|Developer(s)||Jeffrey Dean, Sanjay Ghemawat|
|Size||350 kB (binary size)|
|License||New BSD License|
LevelDB is an open source on-disk key-value store written by Google fellows Jeffrey Dean and Sanjay Ghemawat, who built parts of Google's platform. Inspired by BigTable, LevelDB is hosted on GitHub under the New BSD License and has been ported to a variety of Unix-based systems, Mac OS X, Windows, and Android.
LevelDB stores keys and values in arbitrary byte arrays, and data is sorted by key. It supports batching writes, forward and backward iteration, and compression of the data via Google's Snappy compression library.
LevelDB is not a SQL database. Like other NoSQL and Dbm stores, it does not have a relational data model, it does not support SQL queries, and it has no support for indexes. Applications use LevelDB as a library, as it does not provide a server or command-line interface.
LevelDB is based on concepts from Google's BigTable database system. The tablet implementation for the BigTable system was developed starting in about 2004, and is based on a different Google internal code base than the LevelDB code. That code base relies on a number of Google code libraries that are not themselves open sourced, so directly open sourcing that code would have been difficult. Jeff Dean and Sanjay Ghemawat wanted to create a system resembling the BigTable tablet stack that had minimal dependencies and would be suitable for open sourcing, and also would be suitable for use in Chrome for the IndexedDB implementation. They wrote LevelDB starting in early 2011, with the same general design as the BigTable tablet stack, but not sharing any of the code.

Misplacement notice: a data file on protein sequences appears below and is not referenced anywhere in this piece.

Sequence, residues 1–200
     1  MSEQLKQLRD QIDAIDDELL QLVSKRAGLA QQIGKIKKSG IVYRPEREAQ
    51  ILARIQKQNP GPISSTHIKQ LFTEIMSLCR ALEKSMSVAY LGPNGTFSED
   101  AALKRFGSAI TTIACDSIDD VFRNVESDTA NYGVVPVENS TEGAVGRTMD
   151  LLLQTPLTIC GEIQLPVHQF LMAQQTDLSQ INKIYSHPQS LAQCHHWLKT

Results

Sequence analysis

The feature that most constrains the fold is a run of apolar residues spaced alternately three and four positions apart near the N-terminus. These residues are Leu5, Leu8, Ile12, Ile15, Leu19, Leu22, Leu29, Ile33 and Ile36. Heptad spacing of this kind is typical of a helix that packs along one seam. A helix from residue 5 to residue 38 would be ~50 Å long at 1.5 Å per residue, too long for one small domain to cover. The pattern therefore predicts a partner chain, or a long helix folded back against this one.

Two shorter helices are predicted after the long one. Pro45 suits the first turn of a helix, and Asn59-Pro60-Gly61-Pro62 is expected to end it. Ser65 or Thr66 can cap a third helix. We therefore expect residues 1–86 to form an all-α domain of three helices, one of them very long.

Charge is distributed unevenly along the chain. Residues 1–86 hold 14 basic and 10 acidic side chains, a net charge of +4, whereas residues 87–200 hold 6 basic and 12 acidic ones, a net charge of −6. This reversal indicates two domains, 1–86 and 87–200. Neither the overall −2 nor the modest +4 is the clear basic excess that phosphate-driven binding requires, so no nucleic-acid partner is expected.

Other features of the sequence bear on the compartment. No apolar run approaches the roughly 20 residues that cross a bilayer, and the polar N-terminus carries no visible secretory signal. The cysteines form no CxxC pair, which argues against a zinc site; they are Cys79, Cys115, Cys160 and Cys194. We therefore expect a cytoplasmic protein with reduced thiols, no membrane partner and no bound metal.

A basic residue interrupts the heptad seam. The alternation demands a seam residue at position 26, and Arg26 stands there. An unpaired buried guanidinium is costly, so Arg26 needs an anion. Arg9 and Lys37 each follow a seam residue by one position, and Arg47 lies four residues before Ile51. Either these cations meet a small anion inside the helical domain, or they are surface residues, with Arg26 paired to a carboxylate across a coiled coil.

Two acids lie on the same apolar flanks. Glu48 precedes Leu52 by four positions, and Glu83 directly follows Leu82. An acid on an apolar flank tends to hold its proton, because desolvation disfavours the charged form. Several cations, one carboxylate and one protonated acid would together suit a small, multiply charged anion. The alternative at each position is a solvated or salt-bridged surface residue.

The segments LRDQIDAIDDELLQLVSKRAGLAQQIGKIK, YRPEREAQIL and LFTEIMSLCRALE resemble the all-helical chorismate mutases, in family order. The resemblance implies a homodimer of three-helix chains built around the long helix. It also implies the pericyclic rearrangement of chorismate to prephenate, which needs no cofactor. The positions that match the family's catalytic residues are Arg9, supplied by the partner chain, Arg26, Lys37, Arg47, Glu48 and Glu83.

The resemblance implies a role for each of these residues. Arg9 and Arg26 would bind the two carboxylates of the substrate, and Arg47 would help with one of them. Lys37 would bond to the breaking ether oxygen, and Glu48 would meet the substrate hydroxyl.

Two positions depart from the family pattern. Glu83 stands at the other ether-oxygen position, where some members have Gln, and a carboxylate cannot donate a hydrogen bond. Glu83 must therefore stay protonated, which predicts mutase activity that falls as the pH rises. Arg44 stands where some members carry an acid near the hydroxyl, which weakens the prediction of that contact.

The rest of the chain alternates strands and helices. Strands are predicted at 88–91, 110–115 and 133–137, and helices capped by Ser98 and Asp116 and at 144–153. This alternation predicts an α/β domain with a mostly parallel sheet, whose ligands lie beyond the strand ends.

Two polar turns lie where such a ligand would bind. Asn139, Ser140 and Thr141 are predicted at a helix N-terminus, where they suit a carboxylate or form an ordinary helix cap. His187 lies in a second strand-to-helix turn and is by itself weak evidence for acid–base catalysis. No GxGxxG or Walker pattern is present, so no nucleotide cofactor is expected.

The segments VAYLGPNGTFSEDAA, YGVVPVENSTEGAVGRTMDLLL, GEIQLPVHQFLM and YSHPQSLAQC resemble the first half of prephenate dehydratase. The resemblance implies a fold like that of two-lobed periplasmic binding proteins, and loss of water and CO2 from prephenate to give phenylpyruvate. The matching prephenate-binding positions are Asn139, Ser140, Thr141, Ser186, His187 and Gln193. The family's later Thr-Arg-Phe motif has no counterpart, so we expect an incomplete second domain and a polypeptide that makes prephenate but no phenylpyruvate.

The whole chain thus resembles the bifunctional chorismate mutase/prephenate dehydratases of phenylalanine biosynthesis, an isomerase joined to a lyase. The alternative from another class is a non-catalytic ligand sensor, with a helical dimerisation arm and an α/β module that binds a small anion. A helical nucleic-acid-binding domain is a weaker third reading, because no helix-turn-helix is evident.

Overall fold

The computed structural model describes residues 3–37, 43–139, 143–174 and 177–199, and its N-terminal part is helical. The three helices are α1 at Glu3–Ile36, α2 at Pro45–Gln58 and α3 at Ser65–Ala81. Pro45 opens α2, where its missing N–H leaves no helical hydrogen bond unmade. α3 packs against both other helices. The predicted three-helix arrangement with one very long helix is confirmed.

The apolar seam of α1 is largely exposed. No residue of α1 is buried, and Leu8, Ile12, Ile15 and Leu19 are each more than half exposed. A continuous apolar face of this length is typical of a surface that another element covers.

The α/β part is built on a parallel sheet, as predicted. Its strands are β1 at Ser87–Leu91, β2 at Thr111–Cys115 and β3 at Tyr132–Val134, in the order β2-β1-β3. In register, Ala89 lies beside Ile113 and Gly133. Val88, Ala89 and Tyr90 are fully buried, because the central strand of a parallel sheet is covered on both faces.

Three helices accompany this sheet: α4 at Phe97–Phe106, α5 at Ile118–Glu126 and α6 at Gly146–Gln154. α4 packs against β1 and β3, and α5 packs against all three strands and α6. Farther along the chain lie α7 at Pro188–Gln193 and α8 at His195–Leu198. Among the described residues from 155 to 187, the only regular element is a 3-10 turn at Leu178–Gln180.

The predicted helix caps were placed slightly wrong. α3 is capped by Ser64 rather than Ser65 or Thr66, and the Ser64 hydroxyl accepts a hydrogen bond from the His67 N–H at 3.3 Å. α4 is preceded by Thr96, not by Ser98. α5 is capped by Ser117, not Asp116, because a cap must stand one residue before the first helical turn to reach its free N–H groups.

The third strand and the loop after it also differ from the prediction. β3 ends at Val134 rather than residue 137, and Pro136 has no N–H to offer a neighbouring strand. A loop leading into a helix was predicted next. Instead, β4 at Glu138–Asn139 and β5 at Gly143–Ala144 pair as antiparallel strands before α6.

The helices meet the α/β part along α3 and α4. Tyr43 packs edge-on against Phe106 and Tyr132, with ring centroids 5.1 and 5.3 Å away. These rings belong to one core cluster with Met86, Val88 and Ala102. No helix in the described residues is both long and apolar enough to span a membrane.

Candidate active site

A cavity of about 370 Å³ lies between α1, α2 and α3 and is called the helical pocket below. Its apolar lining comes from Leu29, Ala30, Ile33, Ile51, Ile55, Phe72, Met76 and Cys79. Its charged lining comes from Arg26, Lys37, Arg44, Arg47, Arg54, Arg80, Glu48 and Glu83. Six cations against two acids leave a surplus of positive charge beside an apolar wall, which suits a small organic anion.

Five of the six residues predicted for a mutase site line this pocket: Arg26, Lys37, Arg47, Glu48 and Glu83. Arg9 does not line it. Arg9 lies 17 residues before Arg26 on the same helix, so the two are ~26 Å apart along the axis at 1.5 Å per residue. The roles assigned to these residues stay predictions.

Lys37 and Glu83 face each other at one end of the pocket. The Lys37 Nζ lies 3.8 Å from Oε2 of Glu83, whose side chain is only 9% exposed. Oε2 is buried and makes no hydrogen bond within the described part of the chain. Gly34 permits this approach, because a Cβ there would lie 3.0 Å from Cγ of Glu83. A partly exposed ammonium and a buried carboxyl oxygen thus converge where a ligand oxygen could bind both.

LevelDB is used as the backend database for Google Chrome's IndexedDB and is one of the supported backends for Riak. Additionally, Bitcoin Core stores the blockchain metadata using a LevelDB database. Minecraft: Pocket Edition uses a modified version for chunk and entity data storage. 
Google has provided benchmarks comparing LevelDB's performance to SQLite and Kyoto Cabinet in different scenarios. LevelDB outperforms both SQLite and Kyoto Cabinet in write operations and sequential-order read operations. LevelDB also excels at batch writes, but is slower than SQLite when dealing with large values. However the benchmark was found to artificially degrade SQLite performance by indexing the key twice and not using write-ahead logging.
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- Andreas M. Antonopoulos. "Chapter 7. The Blockchain". Retrieved 8 January 2015.
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